Transitioning into your new Mexican life

September 17, 2017
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I can only speak about the challenges of an American moving to Mexico, each culture is different and Americans are extra ‘special’ with their needs and expectations. It took a long time for me to admit we were difficult people, but here we are.

I have lived in many places throughout Mexico since my arrival in 2009 and my mother retired in Mexico this year. With my mom being here I have been reminded about the struggles of transitioning into a new Mexican life. I see her mistakes and they remind me of mine in the early years of my transition.

While not everyone is alike and we all have different struggles when adapting to a new country and culture, here is some of my best advice based on my personal experience. Yours might be different, and that’s great!

The language:

Your first priority to settling into a new life in Mexico is to learn the language. When I first moved to Mexico, I chose to live in Puerto Vallarta. My choice for this destination was based on two things. I love the beach and I knew there was a large expat community, meaning English would be easy to come by. In all honesty, I think that is why most expats choose Puerto Vallarta. I didn’t learn Spanish for four years, it wasn’t until after I left the expat community of Vallarta and emerged myself into the Mexican culture and found friends who didn’t speak English.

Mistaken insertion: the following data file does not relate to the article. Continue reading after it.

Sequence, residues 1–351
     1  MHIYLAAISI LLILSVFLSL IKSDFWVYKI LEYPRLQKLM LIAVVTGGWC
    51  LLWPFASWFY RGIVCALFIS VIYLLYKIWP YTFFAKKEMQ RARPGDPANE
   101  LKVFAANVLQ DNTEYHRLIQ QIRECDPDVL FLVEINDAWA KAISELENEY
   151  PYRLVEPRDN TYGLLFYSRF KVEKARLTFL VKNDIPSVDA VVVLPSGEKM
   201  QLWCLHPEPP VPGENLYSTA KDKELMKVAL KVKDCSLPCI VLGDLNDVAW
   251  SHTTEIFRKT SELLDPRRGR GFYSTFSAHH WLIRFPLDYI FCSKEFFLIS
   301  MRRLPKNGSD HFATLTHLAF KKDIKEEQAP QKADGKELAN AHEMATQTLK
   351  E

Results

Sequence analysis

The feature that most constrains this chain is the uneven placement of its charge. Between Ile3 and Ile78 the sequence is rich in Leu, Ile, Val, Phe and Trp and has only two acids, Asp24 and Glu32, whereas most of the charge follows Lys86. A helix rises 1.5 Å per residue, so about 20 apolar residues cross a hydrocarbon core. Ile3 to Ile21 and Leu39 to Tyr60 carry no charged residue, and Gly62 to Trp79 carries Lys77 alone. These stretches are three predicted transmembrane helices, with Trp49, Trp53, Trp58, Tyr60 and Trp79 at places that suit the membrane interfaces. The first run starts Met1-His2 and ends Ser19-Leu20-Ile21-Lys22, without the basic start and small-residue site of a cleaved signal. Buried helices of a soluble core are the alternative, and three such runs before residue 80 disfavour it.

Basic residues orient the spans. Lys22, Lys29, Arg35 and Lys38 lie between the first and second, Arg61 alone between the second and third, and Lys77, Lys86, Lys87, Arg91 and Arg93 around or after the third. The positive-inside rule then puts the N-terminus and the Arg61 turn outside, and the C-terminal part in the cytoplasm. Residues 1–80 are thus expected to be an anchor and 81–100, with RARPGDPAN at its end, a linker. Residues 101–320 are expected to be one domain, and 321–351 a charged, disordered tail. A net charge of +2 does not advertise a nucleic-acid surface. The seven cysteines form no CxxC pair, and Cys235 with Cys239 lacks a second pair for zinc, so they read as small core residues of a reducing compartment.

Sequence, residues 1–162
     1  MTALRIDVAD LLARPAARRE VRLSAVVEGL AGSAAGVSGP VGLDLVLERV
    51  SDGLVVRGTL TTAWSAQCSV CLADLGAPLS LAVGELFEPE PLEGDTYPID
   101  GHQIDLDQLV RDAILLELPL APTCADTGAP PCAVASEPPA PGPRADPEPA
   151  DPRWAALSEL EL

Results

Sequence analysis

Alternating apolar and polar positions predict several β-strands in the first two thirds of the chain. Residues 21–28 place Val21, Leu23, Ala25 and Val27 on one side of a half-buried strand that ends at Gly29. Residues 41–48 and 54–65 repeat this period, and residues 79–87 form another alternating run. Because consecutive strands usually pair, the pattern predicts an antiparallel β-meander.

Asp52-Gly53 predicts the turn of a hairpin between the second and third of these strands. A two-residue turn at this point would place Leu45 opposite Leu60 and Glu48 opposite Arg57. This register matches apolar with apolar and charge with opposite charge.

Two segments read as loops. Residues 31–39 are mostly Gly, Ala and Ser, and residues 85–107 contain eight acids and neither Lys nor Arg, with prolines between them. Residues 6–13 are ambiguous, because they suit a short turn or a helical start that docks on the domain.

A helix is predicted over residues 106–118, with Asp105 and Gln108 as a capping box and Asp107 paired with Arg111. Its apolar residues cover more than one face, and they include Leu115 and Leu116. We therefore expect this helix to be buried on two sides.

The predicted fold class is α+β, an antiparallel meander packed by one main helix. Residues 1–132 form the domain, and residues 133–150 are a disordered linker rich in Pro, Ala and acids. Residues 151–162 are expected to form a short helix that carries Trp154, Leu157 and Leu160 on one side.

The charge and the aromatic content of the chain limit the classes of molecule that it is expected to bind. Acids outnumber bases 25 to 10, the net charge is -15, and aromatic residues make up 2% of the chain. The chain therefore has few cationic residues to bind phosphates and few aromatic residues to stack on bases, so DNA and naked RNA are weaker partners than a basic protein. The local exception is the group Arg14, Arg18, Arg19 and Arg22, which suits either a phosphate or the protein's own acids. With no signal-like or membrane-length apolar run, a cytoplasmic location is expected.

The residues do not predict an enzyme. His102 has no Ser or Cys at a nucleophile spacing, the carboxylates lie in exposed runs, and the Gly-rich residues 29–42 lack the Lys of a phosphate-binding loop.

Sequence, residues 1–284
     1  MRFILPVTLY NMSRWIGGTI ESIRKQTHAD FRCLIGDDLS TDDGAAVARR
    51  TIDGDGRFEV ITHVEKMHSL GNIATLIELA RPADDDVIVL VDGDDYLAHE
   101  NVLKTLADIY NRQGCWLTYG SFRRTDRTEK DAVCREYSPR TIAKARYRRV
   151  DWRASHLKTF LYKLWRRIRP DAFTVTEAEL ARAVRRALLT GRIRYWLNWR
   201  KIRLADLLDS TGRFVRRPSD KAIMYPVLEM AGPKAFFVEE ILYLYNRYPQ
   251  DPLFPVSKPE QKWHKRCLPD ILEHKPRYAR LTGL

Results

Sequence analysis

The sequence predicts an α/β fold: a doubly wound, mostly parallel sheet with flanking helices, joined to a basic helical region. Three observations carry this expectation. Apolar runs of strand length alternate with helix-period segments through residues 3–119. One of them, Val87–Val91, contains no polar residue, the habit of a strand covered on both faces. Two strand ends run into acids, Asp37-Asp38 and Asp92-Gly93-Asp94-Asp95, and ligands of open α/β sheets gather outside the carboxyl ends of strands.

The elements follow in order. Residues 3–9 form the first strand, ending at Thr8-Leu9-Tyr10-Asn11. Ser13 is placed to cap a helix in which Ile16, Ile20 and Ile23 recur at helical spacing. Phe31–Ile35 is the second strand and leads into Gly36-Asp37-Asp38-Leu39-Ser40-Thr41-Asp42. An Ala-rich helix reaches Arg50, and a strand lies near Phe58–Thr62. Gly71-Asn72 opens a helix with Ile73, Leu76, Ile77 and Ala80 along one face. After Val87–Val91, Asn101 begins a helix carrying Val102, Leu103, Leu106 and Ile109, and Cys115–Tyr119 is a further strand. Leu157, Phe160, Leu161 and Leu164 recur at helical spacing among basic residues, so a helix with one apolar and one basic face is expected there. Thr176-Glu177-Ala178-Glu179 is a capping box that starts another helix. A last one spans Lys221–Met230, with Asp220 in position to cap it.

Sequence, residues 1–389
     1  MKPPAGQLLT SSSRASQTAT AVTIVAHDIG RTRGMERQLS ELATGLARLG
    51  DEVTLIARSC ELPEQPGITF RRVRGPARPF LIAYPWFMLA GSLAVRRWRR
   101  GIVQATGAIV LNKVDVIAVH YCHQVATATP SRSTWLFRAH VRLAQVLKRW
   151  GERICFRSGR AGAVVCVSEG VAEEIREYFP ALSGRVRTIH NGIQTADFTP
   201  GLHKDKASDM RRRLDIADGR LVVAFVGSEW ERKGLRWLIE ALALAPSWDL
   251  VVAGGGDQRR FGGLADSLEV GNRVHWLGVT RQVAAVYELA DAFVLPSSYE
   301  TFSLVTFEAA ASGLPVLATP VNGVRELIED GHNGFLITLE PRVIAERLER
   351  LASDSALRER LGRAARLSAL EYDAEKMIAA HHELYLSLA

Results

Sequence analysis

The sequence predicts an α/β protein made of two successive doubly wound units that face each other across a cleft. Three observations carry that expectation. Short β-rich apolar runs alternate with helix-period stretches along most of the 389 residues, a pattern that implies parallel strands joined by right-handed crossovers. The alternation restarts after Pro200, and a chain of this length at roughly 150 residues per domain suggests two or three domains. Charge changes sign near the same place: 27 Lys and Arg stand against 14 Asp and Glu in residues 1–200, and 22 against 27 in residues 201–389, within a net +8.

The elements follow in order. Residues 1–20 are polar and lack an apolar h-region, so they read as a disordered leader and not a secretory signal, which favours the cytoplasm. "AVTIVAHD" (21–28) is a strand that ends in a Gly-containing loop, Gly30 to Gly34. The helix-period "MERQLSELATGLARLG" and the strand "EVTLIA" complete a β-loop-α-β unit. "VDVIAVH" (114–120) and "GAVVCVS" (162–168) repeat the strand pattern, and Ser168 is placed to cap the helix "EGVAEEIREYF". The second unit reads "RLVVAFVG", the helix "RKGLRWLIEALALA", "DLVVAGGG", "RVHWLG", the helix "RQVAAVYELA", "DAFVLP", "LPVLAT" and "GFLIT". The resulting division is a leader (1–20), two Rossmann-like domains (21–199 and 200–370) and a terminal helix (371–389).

Truth is, it’s harder to learn a new language fluently when you are older, that’s just a fact. I moved to Mexico at the age of 35, young for an expat. Making it more challenging is that many English speakers have little desire to learn another language, including myself at the beginning. It’s amusing to learn a few words or phrases, but to speak fluently when living in a large expat community isn’t necessary or important to most. It’s also difficult to really learn if you only use Spanish in class but the rest of your life is lived in the English language, the biggest challenge living in large expat communities. But if you really stick to it, learning the local language can open up new experiences for you.

Calm down:

I am not picking on Americans, I am an American, so it’s much easier for me to identify the shortcomings of my people, and myself. Americans are entirely too emotional and confrontational. Everything sets them off. It’s very off-putting to the Mexican people. It’s been said that there are two types of people, those who never complain, and Americans.

Mexicans have a very high tolerance for things that normally irk Americans. They are not complaining people, or at least not on trivial issues. They are masters of the ‘pick your battles wisely’ mantra. They are not going to complain about long lines, rickety bus seats, or the unavailability of their favorite brand of food. An American will spend months obsessed with finding a specific American brand of sour cream, and they will let everyone know how disappointed they are, as if this is actually a key to survival or happiness.